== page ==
To prevent disproportionately large contributions for HCEs, the 401k plan rules place a limit on the amount of compensation that may be considered when calculating an employer matching contribution or other contribution that is based on a percentage of compensation.

For 2018, this limit is $275,000.

For example, assume you earn $300,000 for 2018. The 401k plan includes an employer matching contribution of up to 3% of your compensation. Under these “compensation cap” rules, your employer could make a matching contribution of up to $8,250 (3% x the compensation cap of $275,000) – not $9,000 (3% x your full compensation of $300,000).

Strategies for HCEs and business owners

Business owners and HCEs may be able to increase the amount they can contribute to a 401k plan through one or more of these strategies.

Catch-up contributions

Catch-up contributions are made after an individual reaches the $18,500 (for 2018) annual salary contribution limit or a plan-imposed limit (e.g., a failed nondiscrimination test). Because catch-up contributions are not included in nondiscrimination testing, even if you cannot make the full $18,500 salary contribution because of limits imposed by a plan test, you will still be able to make a catch-up contribution, up to $6,000, if you are age 50 or older.

Increase lower-paid employees’ savings rates through education

If lower paid employees increase their saving rates, HCEs and business owners will be able to make larger contributions. To encourage employees to save more in the 401k, business owners may want to engage financial advisors or other service providers to educate employees about the benefits of saving in a 401k and helping workers calculate how much they need to save to reach their financial goals in retirement.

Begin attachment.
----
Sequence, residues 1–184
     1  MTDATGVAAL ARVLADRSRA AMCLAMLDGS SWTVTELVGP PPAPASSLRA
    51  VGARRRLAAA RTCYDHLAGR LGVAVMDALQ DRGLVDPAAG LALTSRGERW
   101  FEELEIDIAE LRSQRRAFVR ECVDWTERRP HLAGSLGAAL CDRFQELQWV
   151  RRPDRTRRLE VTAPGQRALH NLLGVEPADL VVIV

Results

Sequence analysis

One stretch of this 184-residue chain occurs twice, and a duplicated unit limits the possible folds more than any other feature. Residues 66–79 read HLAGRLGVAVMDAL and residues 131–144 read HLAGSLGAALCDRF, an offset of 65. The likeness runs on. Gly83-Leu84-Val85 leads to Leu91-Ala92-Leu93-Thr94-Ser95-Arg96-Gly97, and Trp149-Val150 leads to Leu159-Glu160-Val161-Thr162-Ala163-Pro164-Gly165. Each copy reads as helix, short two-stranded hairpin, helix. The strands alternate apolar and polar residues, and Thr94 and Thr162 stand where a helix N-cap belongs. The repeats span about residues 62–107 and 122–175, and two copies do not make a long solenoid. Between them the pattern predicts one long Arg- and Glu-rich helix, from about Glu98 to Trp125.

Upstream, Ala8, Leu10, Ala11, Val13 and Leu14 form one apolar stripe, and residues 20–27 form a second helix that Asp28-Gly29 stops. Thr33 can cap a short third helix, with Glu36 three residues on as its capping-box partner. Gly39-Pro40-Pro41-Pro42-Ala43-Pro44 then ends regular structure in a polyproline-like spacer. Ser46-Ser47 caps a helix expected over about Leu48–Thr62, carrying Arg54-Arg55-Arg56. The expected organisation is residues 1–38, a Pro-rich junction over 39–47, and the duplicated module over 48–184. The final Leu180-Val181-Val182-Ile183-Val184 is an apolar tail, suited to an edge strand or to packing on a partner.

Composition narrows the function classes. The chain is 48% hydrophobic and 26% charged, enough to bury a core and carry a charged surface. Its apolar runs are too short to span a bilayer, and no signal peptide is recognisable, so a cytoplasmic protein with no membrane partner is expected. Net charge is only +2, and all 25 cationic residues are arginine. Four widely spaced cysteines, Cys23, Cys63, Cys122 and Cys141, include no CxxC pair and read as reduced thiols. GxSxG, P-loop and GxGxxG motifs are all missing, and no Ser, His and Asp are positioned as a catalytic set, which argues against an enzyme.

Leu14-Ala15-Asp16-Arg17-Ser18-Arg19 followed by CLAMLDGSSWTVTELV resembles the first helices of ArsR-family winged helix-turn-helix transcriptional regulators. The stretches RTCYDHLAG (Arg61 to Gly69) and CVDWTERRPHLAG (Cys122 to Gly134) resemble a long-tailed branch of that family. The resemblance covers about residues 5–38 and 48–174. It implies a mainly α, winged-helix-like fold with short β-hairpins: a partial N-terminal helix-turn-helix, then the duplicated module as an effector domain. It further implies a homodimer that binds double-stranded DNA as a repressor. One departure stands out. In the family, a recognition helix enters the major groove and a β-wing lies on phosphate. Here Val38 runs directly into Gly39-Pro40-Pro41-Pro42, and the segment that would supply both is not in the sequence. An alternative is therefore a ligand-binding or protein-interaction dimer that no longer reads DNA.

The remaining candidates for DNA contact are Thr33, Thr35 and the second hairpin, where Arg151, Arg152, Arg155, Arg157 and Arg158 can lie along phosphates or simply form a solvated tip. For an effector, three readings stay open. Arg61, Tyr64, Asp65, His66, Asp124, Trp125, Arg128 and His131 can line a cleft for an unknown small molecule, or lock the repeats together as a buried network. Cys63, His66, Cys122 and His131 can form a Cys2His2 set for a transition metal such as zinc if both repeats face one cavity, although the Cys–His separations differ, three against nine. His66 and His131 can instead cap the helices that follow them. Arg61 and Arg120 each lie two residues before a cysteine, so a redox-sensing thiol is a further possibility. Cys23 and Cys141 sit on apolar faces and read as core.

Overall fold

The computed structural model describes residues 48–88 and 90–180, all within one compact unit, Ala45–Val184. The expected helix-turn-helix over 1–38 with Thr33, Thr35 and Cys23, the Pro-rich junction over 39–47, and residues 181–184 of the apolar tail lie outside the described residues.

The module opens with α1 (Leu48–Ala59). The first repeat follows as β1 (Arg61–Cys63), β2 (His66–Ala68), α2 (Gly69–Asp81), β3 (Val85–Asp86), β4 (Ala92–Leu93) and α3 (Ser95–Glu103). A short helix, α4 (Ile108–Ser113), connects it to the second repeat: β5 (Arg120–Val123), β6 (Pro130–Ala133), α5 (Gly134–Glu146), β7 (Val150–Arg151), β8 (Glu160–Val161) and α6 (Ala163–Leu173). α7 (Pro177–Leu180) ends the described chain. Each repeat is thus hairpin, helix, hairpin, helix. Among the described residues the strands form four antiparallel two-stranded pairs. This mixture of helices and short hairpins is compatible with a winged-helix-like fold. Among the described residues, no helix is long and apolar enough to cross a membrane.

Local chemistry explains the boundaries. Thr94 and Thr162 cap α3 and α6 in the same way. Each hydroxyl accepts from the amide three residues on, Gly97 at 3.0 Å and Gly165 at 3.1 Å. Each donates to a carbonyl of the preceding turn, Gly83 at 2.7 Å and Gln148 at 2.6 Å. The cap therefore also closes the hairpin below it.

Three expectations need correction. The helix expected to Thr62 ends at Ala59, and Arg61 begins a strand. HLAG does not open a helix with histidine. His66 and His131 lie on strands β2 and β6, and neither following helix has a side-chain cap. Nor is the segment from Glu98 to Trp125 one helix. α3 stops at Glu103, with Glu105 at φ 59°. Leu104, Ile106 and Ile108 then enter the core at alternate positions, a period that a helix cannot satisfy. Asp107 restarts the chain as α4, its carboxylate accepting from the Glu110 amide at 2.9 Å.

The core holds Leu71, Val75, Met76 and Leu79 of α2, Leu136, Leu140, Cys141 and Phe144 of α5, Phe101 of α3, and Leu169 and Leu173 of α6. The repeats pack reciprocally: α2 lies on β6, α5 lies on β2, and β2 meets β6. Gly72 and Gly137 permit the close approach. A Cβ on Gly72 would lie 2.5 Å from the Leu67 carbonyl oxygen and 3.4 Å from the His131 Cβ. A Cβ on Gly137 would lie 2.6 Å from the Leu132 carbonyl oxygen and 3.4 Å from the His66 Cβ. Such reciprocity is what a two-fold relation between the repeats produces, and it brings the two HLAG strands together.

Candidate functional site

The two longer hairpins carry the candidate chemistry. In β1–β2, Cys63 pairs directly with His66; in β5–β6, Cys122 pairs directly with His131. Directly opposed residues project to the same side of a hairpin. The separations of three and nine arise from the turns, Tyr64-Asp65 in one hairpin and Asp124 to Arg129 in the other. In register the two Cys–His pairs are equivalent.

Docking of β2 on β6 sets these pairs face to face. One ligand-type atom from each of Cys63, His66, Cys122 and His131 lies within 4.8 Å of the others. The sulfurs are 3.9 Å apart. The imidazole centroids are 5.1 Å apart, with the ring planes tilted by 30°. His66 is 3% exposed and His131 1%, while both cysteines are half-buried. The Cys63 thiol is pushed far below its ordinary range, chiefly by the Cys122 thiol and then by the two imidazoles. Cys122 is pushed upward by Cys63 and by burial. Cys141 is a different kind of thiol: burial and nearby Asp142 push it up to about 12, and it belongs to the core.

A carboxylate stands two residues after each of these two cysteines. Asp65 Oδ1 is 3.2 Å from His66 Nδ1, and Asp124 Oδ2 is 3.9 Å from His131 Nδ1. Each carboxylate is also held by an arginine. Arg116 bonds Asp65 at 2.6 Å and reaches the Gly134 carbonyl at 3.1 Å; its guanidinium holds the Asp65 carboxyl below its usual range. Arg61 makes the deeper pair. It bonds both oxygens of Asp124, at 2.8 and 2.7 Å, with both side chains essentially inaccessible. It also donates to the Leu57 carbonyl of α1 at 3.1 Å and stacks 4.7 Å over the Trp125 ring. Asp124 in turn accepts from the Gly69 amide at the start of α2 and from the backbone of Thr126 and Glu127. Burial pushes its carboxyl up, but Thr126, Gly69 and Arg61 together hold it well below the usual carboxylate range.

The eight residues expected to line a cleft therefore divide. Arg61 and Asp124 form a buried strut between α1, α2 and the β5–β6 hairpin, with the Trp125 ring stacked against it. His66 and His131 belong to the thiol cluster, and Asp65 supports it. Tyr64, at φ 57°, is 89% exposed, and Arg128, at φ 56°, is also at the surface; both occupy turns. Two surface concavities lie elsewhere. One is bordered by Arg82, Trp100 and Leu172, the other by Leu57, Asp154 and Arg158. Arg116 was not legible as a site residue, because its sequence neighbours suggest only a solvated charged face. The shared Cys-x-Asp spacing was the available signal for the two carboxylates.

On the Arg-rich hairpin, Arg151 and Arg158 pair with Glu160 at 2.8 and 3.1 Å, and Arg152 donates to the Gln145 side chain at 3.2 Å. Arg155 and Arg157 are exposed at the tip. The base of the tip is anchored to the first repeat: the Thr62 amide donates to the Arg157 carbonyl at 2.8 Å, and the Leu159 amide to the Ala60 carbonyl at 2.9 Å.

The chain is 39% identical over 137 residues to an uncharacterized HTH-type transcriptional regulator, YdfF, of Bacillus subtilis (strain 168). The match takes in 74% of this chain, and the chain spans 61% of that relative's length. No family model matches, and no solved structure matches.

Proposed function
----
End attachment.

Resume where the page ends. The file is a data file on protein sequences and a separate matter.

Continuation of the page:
Adopt a Safe Harbor 401k Plan

If a business owner adopts a Safe Harbor 401k plan, it will be deemed to pass these nondiscrimination tests, meaning the business owner and other HCEs can contribute any amount up to the annual salary contribution limit, plus catch-up contributions if eligible, without worrying about the contribution rate of lower paid employees. Offering a Safe Harbor 401k plan may also help improve participation and savings rates for all employees.

Learn more

If you’re a small business owner and need a 401k plan for yourself and your company, only Ubiquity offers flat-fee plans plus free expert advice. We’ll fully customize your 401k to meet the specific needs of your small business.

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Setting up a 401k can be complicated. Only Ubiquity gives small business owners access to 401k experts in addition to industry leading low flat-fees. Each sales expert has over a decade of experience assisting business owners in 401k plan design. Take advantage of this free benefit.

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© 2018 Ubiquity Retirement + Savings / Privacy Policy
1160 Battery Street, Suite 350, San Francisco, CA 94111 / Support: 855.401.4357

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© 2018 Ubiquity Retirement + Savings / Privacy Policy
1160 Battery Street, Suite 350, San Francisco, CA 94111 / Support: 855.401.4357